If you ride your bike to work or school every day, you undoubtedly have come upon at least one stop sign where coming to a complete sign makes very little sense. After all, you can see oncoming traffic and know when it is safe to proceed. You also regularly see cars roll through stop signs.
In recent years, several states have amended their traffic laws to allow riders to treat stop signs as yield signs. California came close to following suit in 2021, but Governor Newsom vetoed the bill.
The advantages of stop-as-yield laws
Those who advocate for stop-as-yield laws typically see them as a boost to cyclist safety. In places where these laws are in effect, they generally have yielded the following results:
- A reduction in start-and-stop bicyclist injuries
- An increase in cyclist visibility to other drivers
- A drop in bicycle-car collisions at intersections
Put simply while it may seem counterintuitive, cycling advocates believe allowing riders to stay on their bikes at intersections fosters safer interactions between motorists and riders.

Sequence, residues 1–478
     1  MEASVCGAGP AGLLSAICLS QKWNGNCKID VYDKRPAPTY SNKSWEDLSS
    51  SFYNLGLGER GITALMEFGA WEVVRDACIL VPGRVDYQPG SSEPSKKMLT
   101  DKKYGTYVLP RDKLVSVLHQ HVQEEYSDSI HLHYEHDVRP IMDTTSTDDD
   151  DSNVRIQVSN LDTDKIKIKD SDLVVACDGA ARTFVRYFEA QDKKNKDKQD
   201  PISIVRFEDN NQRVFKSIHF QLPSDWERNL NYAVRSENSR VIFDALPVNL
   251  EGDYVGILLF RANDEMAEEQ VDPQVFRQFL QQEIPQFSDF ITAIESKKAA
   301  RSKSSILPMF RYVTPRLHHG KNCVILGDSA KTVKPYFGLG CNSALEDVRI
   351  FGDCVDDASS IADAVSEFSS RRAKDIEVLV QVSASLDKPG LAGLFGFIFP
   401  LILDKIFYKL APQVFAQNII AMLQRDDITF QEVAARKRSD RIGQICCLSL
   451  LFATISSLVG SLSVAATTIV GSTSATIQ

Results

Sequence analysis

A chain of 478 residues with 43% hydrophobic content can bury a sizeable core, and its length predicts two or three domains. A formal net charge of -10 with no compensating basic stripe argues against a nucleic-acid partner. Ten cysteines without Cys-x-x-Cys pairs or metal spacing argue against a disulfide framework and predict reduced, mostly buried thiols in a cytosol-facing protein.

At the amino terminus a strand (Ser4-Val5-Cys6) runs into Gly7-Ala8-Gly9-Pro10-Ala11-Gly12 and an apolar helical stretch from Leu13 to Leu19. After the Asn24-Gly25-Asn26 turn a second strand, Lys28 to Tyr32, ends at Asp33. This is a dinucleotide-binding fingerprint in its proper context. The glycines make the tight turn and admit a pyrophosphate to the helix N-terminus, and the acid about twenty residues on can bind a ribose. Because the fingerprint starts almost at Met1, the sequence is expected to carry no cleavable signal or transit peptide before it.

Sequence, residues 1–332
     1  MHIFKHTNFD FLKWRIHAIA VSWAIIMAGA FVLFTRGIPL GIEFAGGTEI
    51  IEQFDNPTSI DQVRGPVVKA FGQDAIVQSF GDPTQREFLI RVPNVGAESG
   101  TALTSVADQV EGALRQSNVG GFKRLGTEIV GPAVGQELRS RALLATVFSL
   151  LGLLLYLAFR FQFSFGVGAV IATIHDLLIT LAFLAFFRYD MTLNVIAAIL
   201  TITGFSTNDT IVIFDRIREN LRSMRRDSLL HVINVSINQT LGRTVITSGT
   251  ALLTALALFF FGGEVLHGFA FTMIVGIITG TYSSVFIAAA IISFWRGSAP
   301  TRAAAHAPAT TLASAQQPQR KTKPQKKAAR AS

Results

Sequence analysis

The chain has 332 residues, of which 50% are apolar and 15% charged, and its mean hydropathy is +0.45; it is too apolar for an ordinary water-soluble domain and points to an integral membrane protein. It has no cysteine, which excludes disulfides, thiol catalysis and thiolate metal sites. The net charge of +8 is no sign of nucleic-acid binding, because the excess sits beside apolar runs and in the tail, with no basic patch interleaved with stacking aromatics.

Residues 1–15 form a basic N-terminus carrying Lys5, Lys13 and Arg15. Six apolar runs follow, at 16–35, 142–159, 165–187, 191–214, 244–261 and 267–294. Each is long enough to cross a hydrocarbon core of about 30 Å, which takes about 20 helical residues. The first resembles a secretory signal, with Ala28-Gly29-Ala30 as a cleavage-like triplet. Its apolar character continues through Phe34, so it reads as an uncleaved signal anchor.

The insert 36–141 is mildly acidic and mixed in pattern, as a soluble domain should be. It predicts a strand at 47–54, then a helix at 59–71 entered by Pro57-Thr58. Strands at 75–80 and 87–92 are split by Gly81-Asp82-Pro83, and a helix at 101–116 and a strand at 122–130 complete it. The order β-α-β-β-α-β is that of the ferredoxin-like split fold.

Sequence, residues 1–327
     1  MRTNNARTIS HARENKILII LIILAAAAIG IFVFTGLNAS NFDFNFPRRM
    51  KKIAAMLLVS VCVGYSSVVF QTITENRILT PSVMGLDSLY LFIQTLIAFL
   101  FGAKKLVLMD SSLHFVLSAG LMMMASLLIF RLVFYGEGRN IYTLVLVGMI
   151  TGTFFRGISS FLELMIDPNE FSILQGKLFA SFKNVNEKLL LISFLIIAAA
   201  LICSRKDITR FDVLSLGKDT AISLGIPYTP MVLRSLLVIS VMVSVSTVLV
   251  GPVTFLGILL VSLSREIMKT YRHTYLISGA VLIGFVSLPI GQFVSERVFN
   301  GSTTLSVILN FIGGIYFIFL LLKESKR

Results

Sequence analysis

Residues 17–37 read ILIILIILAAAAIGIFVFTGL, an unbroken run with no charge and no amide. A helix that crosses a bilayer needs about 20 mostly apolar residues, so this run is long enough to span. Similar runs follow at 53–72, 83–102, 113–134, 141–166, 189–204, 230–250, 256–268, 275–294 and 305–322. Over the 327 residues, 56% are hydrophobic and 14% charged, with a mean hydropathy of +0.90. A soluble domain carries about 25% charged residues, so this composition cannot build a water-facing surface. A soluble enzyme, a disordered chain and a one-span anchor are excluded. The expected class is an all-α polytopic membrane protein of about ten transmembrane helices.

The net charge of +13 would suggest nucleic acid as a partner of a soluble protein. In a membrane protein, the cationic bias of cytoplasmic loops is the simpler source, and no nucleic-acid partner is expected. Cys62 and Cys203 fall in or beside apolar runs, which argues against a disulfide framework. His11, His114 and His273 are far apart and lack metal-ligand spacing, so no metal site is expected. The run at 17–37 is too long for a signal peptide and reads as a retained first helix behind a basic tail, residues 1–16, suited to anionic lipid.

The drawbacks of stop-as-yield laws
When traffic is not present, yielding and proceeding may be a safe course of action for experienced riders. When vetoing the California bill, Governor Newsom expressed concern for younger cyclists. Specifically, the governor worried about young riders who may lack the experience necessary to judge the speed of approaching vehicles.
Because Governor Newsom’s concerns may have merit, some debate remains on the wording and applicability of stop-as-yield laws in the Golden State. Ultimately, until the law changes, cyclists are likely better off complying with the existing rules of the road.